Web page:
Facts and values

Same or similar

facts values [notes]
is it true? does it matter?
is ought
positive normative
descriptive prescriptive

Misc, to-do

  • https://en.wikipedia.org/wiki/Policy-based_evidence_making
  • relates to:
    • wrong and irrelevant
  • …a young lawyer … was consulting an older lawyer as to how he should act in the conduct of various cases. He said, “What shall I do if the law is against me?” The older man said, “Come out strong on the facts.” “What shall I do if the facts are against me?” “Come out strong on the law.” “Then, what shall I do if both are against me?” “Abuse the other fellow’s attorney.”
  • http://quoteinvestigator.com/2010/07/04/legal-adage/
  • facts are bullshit
  • most often when people cite "facts," they don't really care about facts. all they ultimately care about are their principles. if some "facts" happen to come out the right way, they'll cite them as if they matter, but in fact they don't, because they never look for facts that refute their position.
  • Israelis are entitled to Palestinian land because they can make better use of it
  • okay, and if someone comes along who can make even better use of it than Israelis, are they allowed to ethnically cleanse Israel?
  • Christianity is the largest religion….(therefore…what? note that the conclusion is often not stated)
  • and if Islam, say, someday surpasses Christianity in number of adherents, then what? why did you bring up the number of adherents in the first place?
  • capitalism creates material well-being better than any system
  • if that turns out not to be the case, would you still advocated it?
  • self deception
  • we should let facts inform our values
  • instead, all too often, we let our values (and, even worse, our mere preferences) to determine what we take to be facts
  • for instance, how can you explain that the people who like guns are almost all people who believe in gun rights? gun control advocates typically dislike guns. it seems to me a clear case of preferences first, then values and facts. people adopt whatever values and factual commitments allow them to indulge their like (or dislike) of firearms.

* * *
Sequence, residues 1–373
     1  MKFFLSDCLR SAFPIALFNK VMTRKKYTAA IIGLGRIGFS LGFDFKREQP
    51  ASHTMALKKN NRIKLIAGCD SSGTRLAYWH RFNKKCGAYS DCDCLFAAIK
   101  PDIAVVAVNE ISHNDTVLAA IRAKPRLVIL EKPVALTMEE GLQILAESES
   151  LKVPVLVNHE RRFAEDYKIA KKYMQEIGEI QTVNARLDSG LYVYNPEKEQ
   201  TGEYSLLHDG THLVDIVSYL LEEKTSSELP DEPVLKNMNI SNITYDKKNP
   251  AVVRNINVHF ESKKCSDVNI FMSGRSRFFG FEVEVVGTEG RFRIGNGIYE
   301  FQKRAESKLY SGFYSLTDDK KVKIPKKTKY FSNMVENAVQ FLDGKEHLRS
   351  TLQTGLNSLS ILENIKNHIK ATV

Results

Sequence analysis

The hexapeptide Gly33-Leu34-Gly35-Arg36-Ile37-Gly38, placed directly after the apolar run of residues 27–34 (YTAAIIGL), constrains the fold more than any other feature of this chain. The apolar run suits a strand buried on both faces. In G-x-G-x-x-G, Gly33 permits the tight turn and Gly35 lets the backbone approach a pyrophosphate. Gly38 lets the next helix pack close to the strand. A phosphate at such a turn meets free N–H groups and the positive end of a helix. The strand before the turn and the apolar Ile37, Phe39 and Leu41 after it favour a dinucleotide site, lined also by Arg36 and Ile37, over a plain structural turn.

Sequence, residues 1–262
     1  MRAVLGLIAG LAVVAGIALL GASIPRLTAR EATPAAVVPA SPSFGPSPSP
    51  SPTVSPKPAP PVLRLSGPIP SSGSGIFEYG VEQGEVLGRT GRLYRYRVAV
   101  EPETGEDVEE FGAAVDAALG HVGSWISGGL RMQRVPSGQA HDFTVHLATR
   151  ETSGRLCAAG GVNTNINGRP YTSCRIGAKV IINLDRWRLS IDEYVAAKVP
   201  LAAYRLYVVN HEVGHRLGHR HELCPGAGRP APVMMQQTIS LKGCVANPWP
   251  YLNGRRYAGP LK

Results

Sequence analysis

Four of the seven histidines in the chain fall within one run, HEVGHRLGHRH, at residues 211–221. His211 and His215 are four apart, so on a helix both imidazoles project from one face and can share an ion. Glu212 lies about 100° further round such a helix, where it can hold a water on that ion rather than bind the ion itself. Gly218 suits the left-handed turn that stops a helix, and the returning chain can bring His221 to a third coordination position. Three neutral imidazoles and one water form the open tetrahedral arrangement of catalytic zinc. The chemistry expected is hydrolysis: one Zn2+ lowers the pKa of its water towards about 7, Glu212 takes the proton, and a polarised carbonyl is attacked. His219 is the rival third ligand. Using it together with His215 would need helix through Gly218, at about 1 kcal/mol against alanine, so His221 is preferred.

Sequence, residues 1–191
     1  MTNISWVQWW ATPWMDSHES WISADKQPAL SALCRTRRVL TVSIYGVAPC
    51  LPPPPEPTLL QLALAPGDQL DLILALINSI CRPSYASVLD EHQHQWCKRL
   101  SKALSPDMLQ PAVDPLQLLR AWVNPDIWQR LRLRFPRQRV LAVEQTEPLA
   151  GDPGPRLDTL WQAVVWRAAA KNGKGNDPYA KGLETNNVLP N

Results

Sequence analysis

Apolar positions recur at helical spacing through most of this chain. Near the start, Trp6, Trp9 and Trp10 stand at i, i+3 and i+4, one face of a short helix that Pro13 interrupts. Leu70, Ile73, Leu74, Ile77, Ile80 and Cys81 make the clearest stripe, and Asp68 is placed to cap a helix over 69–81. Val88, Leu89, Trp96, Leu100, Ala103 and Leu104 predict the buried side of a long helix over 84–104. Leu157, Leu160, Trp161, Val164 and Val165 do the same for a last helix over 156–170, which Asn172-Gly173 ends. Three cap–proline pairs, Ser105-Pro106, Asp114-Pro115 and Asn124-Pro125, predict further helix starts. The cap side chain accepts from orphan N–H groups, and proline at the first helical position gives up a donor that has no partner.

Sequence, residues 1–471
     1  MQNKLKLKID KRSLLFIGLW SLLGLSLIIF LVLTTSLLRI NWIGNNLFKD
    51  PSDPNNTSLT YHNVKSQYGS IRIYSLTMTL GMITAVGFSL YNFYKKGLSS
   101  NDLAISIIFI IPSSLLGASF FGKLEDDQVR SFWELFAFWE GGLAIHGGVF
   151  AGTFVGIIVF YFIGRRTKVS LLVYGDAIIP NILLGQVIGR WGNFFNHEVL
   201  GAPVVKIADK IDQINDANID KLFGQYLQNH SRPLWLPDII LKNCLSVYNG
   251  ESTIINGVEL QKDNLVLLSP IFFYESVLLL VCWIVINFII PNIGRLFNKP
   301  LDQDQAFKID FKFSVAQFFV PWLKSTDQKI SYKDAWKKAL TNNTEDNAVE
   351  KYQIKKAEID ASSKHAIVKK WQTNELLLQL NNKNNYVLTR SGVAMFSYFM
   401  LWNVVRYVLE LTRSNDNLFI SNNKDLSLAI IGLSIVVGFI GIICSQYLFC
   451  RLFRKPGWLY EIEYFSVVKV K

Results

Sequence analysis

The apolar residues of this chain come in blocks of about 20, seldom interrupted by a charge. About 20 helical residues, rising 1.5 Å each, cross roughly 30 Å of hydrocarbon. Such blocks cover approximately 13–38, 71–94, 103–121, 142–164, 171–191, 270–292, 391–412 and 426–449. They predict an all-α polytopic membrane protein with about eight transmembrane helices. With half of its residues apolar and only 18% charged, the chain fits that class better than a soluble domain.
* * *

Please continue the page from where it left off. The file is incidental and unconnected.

• Libertarianism just doesn't have good tools for dealing with large collective action problems, so Libertarians tend to doubt their seriousness. Pretty much every environmental problem was at some point believed by Libertarians to be overblown. What is a Libertarian to do if they do believe it? Suggest that, while it's bad, it surely can't be as bad as the cost of preventing it? But there's no law of physics or politics or economics that should cause one to expect that to be the case. Where some end up is "we're not going to be able to fix this anyway." And that is a much less inspiring movement to be part of than one that believes it is fighting a conspiracy to create a fake science to justify expansion of government.
  • I seriously think that if there were a convincing Libertarian solution to climate change, there would be much less denial of the issue. If Naomi Oreskes is to be believed, even for those paid to not believe in global warming, Libertarianism is the main factor, not money. See this paper, starting around page 33.
  • http://noahpinionblog.blogspot.com/2012/03/libertarians-only-now-at-end-do-you.html?showComment=1331102806175#c4706465225439005182
Unless otherwise stated, the content of this page is licensed under Creative Commons Attribution-ShareAlike 3.0 License